Start Saving for College the Day They Are Born

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Baby PictureMy youngest is a first-year student at the University of Virginia. My coauthor Matthew’s youngest child was born only a month ago. Matthew is just beginning to think about college funding, and I’m withdrawing from my final 529 plan.

Over their lifetime, college graduates gross $1 million more in earnings than their less educated counterparts. Education helps people both gain and keep wealth. But paying for it can be daunting, especially if you have to pay all at once. For some families the price tag exceeds the cost of their home. Thus starting a savings plan early is critical. Fortunately, compounded savings eases the financial burden.

The State Council of Higher Education for Virginia study reports that the average costs for a year at a public in-state college or university will set you back $15,642. For every dollar you spend at an in-state college, only 36 cents goes toward tuition. Room and board account for 42 cents and the extra 22 cents covers books, supplies, transportation and other costs.

Expect an average price tag of $28,832 if your child enrolls as an out-of-state student or $35,636 if he or she attends a private college. Aid from grants and tax subsidies help reduce the price about 40% on average. However, those families making over $100,000 in income should not expect much help.

Saving for college requires time and money. The more you have of each, the better. Time puts the miracle of compound interest on your side. And the more money that is earning money, the less you need to continue contributing.

There is no such thing as saving too early, even for Matthew’s youngest child. Saving early can cut the cost of his college education in half. Imagine he decides to go to the University of Virginia like his parents. Currently four years of tuition costs about $47,000. But by the time Matthew’s son is ready to enroll, the price tag will have risen to $98,960. The earlier Matthew and his wife begin saving, the more manageable the monthly amount that should be saved.

Monthly Savings for University of Virginia In-State Costs
Tuition Only Total Costs
Newborn $225 $439
Grade 1 $354 $689
Grade 6 $597 $1,163
Grade 9 $1046 $2,038
Grade 11 $2,303 $4,489


Saving early allows you to buy your education at a discount. After saving $225 a month for 18 years, the newborn’s college savings account will have grown to $98,960. An astonishing $49,235 of that amount accrued through the magic of compound interest. The great benefit of a 529 plan is that all the growth in the account can be withdrawn tax free.

Those with the money upfront could deposit $26,500 and let compound interest generate the remaining $72,460. Buying a college education for a 73% discount while receiving several years of tax deductions is a deal those with money should not pass up!

My daughter’s 529 plan was first funded at the end of 2002 and has experienced a time-weighted return of 88.3%, or 9.4% annualized, since then. Yes, it was once up 121.6%, or 17.7% annualized, but it has still earned over $30,000 and saved us a tremendous amount of money.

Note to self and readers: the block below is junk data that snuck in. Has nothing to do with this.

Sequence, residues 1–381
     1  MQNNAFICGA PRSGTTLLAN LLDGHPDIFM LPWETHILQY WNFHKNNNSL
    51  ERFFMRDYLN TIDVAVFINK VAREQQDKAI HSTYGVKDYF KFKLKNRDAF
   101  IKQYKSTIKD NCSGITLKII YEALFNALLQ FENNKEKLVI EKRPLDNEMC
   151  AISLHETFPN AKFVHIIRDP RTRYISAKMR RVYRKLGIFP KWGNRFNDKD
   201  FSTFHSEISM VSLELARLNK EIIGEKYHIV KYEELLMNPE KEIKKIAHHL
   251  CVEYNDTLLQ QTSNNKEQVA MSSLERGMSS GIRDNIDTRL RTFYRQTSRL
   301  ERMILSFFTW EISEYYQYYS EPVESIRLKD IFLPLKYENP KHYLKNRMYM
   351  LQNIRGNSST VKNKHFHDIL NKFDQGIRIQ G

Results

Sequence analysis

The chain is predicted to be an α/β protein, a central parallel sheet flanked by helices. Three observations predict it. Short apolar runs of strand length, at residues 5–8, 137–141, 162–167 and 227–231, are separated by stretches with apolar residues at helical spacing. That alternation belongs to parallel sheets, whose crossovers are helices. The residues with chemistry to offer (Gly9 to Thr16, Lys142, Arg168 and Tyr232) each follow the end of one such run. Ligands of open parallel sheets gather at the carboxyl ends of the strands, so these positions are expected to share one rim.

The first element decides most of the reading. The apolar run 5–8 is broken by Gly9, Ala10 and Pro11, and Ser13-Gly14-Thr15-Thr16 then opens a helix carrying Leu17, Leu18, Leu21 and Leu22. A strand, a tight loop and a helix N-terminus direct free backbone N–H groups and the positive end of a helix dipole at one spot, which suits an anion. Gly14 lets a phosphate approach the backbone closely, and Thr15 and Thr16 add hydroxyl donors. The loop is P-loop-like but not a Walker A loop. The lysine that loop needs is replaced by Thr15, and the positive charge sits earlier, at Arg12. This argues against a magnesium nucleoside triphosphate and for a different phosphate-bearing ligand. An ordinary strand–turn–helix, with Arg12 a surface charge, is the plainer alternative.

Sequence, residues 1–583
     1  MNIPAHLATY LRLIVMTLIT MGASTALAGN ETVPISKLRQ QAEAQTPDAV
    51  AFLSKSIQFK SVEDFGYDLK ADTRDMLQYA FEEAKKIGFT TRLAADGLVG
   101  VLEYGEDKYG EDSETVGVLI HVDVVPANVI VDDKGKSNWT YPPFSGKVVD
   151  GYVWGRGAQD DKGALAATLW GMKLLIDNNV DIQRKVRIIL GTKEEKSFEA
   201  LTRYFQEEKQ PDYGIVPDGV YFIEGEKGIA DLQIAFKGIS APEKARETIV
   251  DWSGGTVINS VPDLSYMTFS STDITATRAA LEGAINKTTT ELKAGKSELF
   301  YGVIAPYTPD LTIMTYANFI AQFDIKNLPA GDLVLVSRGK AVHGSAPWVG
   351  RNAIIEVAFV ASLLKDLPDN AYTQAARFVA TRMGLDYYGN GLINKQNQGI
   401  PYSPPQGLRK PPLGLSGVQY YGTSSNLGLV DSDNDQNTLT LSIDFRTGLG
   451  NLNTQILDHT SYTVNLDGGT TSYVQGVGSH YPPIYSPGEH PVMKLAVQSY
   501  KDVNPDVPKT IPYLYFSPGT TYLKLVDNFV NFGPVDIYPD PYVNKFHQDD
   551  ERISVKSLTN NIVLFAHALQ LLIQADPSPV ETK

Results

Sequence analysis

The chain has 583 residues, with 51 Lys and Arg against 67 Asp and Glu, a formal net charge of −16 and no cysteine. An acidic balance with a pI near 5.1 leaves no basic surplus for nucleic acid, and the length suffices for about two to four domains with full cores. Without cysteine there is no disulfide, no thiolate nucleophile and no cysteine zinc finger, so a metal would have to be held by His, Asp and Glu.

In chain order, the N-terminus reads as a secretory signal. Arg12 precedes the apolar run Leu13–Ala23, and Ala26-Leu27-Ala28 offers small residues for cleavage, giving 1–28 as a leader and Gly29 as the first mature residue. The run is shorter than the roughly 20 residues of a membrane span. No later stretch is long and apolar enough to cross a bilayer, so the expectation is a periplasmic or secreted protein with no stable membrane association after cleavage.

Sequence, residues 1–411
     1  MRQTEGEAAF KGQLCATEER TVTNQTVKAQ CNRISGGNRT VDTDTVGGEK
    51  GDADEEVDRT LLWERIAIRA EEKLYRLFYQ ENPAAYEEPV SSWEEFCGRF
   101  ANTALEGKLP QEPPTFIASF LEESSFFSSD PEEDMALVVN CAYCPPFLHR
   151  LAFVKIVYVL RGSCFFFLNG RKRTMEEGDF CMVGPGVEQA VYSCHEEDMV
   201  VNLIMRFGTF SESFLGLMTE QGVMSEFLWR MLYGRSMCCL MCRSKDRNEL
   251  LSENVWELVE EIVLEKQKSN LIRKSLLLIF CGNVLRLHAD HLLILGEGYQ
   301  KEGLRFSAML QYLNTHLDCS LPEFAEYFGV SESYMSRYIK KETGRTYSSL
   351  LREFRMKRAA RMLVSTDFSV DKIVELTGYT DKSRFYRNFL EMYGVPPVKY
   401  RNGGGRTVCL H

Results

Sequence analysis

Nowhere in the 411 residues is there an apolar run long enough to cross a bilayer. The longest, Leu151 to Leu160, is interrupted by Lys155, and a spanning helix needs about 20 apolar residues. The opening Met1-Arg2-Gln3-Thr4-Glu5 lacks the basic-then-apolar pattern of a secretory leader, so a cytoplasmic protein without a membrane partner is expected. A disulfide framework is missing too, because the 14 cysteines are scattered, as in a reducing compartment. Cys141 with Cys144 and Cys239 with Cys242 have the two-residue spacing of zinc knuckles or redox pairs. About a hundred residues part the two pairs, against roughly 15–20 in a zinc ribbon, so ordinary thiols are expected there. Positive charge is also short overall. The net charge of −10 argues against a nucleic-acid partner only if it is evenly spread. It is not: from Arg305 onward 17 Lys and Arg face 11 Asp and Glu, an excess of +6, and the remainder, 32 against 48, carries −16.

If you cannot invest a large sum now, save a little every day. Started young enough, even a few dollars a day will pay the tuition at many public schools. By investing in a college savings plan, your money can grow faster than the inflation rate of higher education. These costs have been rising at a rate of 5%, and over the past 10 years, tuition at public schools has gone up more than 50%. If you are not saving for college, you are falling behind.

Saving for college is a critical part of financial planning. But saving for retirement is even more essential. You can borrow money for college but not for retirement. So prioritize your savings plan based on your specific situation.

For many of our clients it is the grandparents who are secure enough financially to be able to fund their grandchildren’s education. The added benefit of having a grandparent own a 529 plan is that these funds are not counted in the formula for financial aid.

Higher education is critical in uncertain economic times. Although official unemployment is more than 10%, unemployment for those with a college education is only about 5%. And for people who did not finish high school, the unemployment rate is 15.3%. These are the official rates that do not count any workers who have been unemployed awhile and presumably have given up. Jobs that do not require a college education continue to move overseas into the emerging market countries.

Virginia has two of the best 529 plans in the country. For more information on the College America and the Virginia Education Savings Trust (VEST) plans, visit Saving for college should be part of comprehensive wealth management. Only a fiduciary has a legal obligation to sit on your side of the table and put your interests first. The National Association of Personal Financial Advisors website ( lists fee-only advisors in your area.

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President, CFP®, AIF®, AAMS®

David John Marotta is the Founder and President of Marotta Wealth Management. He played for the State Department chess team at age 11, graduated from Stanford, taught Computer and Information Science, and still loves math and strategy games. In addition to his financial writing, David is a co-author of The Haunting of Bob Cratchit.

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Former Contributor

Matthew Illian was a Wealth Manager at Marotta Wealth Management from 2007 to 2016. He specialized in small business consulting, college planning, and retirement plans.